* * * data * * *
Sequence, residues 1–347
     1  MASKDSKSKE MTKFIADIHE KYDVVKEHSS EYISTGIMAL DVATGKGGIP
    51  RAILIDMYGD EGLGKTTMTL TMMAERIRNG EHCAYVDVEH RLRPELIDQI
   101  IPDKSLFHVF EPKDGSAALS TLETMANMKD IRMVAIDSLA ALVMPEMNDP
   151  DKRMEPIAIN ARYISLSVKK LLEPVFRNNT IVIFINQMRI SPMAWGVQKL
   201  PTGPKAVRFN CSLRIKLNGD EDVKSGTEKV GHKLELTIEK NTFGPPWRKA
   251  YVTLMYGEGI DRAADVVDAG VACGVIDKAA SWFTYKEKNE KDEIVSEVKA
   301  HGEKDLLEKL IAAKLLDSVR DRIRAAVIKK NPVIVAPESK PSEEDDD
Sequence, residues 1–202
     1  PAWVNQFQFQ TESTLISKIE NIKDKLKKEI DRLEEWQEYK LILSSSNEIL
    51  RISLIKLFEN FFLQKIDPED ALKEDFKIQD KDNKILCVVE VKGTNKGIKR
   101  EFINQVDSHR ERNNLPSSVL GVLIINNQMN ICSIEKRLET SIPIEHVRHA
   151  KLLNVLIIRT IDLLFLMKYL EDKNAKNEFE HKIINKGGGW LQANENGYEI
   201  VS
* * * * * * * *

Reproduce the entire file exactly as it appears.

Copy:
Sequence, residues 1–347
     1  MASKDSKSKE MTKFIADIHE KYDVVKEHSS EYISTGIMAL DVATGKGGIP
    51  RAILIDMYGD EGLGKTTMTL TMMAERIRNG EHCAYVDVEH RLRPELIDQI
   101  IPDKSLFHVF EPKDGSAALS TLETMANMKD IRMVAIDSLA ALVMPEMNDP
   151  DKRMEPIAIN ARYISLSVKK LLEPVFRNNT IVIFINQMRI SPMAWGVQKL
   201  PTGPKAVRFN CSLRIKLNGD EDVKSGTEKV GHKLELTIEK NTFGPPWRKA
   251  YVTLMYGEGI DRAADVVDAG VACGVIDKAA SWFTYKEKNE KDEIVSEVKA
   301  HGEKDLLEKL IAAKLLDSVR DRIRAAVIKK NPVIVAPESK PSEEDDD
Sequence, residues 1–202
     1  PAWVNQFQFQ TESTLISKIE NIKDKLKKEI DRLEEWQEYK LILSSSNEIL
    51  RISLIKLFEN FFLQKIDPED ALKEDFKIQD KDNKILCVVE VKGTNKGIKR
   101  EFINQVDSHR ERNNLPSSVL GVLIINNQMN ICSIEKRLET SIPIEHVRHA
   151  KLLNVLIIRT IDLLFLMKYL EDKNAKNEFE HKIINKGGGW LQANENGYEI
   201  VS